Friday, August 15, 2014

A worthy use of U.S. military power



Last week, President Barack Obama ordered U.S. air bombardment of certain Iraqi positions of the Islamic State of Iraq and al-Sham (ISIS), a military organization described as radical Sunni fighters, who have adopted a new name as Islamic State (http://www.nbcnews.com/storyline/iraq-turmoil/isis-declares-themselves-islamic-state-n143876), in order to prevent genocide against an ancient ethnic minority within Iraq known as Yazidis. Said to be about 40,000 in number, members of this minority community were reported to have taken refuge on a mountaintop in northern Iraq out of fear of being annihilated by advancing Islamic State warriors, who remind one of Nigeria’s Boko Haram—the Nigerian insurgent and bloodthirsty group that has been visiting sporadic terror upon civilian, police and military targets in various parts of northern Nigeria, including the federal capital of Abuja. News media reports have it that Islamic State has been beheading and torturing people who refused to submit to Islam (http://www.jpost.com/Middle-East/Obama-orders-strike-against-ISIS-citing-threat-of-genocide-370463).

In announcing this U.S. air bombardment action, President Obama also explained that it has a dual mission: protection of the Yazidis who faced a threat of being massacred by Islamic State and also protection of U.S. citizens and personnel who were based within the affected Kurdish region of Iraq.

We learned later that in addition to preventive air bombardment, the U.S. also dropped food and humanitarian supplies from the air down to the besieged Yazidis in their mountain refuge, while Islamic State warriors were reported to be menacingly advancing towards them. We also learned that this U.S. air bombardment proved effective--that is, it produced the intended result of repelling the approaching Islamic State warriors.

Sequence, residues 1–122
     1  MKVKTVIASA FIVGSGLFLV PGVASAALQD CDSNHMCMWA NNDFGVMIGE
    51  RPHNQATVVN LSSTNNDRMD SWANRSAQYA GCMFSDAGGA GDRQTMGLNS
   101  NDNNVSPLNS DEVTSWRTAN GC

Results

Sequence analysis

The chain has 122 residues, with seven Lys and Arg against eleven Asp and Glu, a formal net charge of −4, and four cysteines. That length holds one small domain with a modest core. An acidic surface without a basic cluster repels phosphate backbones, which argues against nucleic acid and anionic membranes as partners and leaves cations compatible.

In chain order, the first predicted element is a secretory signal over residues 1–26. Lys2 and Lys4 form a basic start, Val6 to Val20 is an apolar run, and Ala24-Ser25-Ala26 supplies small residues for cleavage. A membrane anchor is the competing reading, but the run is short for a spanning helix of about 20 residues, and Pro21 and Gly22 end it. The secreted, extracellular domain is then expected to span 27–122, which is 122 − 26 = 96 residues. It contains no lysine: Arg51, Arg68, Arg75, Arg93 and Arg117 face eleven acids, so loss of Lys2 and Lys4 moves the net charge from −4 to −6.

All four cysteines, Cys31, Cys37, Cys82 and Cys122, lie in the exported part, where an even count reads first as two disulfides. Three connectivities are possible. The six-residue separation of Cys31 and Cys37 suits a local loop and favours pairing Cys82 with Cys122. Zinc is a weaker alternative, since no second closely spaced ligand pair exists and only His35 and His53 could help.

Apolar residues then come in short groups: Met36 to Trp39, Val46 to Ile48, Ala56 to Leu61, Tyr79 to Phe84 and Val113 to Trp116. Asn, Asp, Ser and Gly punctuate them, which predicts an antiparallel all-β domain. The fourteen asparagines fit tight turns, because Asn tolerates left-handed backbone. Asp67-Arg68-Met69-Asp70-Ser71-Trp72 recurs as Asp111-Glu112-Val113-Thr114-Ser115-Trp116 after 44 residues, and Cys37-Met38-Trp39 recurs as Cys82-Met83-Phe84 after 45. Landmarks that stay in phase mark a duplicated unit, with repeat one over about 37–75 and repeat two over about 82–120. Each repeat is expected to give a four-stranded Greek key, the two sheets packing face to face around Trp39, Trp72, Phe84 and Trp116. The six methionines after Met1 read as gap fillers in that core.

Furthermore, there was news that a fact-finding contingent of U.S. soldiers (numbering about 300 or so) parachuted from the air down to the mountain top location of the Yazdis. Subsequently, this contingent of U.S. soldiers reported back to Washington that the threat to the lives of the fleeing Yazdis had been exaggerated and that a substantial number of them had already been evacuated. Following that report, the Defense Department was credited with saying that “the prospect of having U.S. troops help stage a rescue mission in Iraq appears `far less likely.’" (http://www.foxnews.com/politics/2014/08/13/white-house-rescue-mission/). Reports have it that altogether, there are 864 U.S. troops in Iraq, including 129 military advisers.  Cross-sections of U.S. public opinion worried aloud about “mission creep,” that is, a worry that this minor deployment of noncombatant U.S. troops may grow in size over time. President Obama has, however, repeatedly assured that his engagement in Iraq would remain an air operation without U.S. boots on the ground.

In my view, President Obama acted timely, appropriately and proportionately. Using U.S. military power in order to forestall genocide, anywhere in the world, is a responsible and noble deployment of military might. World history is littered with genocides perpetrated against minority groups pocketed within their own countries.